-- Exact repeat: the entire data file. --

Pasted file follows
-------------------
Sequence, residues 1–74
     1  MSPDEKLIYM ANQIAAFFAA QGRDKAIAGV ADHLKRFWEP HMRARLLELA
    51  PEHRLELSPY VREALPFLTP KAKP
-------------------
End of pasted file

Sequence, residues 1–74
     1  MSPDEKLIYM ANQIAAFFAA QGRDKAIAGV ADHLKRFWEP HMRARLLELA
    51  PEHRLELSPY VREALPFLTP KAKP